RON JACOBS can be reached at: rjacobs@uvm.edu

 

Ron Jacobs is the author of Daydream Sunset: Sixties Counterculture in the Seventies published by CounterPunch Books. He lives in Vermont. He can be reached at: ronj1955@gmail.com.

More articles by:

CounterPunch Magazine

minimag-edit

bernie-the-sandernistas-cover-344x550

zen economics

December 05, 2016
Bill Martin
Stalingrad at Standing Rock?
Mark A. Lause
Recounting a Presidential Election: the Backstory
Mel Goodman
Mad Dog Mattis and Trump’s “Seven Days in May”
Matthew Hannah
Standing Rock and the Ideology of Oppressors: Conversations with a Morton County Commissioner
Kevin Zeese - Margaret Flowers
#NoDAPL Scores Major Victory: No Final Permit For Pipeline
Fran Shor
The End of the Indispensable Nation
Michael Yates
Vietnam: the War That Won’t Go Away
Robert Hunziker
Huge Antarctica Glacier in Serious Trouble
John Steppling
Screen Life
David Macaray
Trump vs. America’s Labor Unions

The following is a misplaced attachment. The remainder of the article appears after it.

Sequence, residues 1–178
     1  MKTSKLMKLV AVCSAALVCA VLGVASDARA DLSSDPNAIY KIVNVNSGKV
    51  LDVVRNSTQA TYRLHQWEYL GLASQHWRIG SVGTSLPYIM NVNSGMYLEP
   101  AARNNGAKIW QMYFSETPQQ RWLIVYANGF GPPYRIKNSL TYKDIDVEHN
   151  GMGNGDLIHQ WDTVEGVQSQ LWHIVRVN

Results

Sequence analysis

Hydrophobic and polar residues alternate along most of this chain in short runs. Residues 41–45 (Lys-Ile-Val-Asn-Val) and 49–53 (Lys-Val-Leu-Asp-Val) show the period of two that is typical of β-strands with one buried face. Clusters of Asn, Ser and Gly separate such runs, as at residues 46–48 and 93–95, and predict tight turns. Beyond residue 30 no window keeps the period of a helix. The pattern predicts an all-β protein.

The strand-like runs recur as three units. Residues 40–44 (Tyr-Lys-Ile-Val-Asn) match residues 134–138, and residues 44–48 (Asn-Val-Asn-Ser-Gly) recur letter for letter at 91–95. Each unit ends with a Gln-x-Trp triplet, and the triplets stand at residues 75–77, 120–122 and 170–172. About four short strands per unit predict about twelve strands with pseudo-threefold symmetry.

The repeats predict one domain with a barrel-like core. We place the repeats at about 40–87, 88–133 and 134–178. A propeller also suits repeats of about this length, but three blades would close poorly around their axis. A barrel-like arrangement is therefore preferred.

Yoav Litvin
Break Free and Lead, or Resign: a Letter to Bernie Sanders
Norman Pollack
Taiwan: A Pustule on International Politics
Nick Pemberton
Make America Late Again
Kevin Martin
Nuclear Weapons Modernization: a New Nuclear Arms Race? Who Voted for it? Who Will Benefit from It?
David Mattson
3% is not Enough: Towards Restoring Grizzly Bears
Howard Lisnoff
The Person Who Deciphered the Order to Shoot at Kent State
Michael Uhl
Notes on a Trip to Cuba
Weekend Edition
December 02, 2016
Friday - Sunday
John Pilger
The Coming War on China
Jeffrey St. Clair
Roaming Charges: The CIA’s Plots to Kill Castro
Paul Street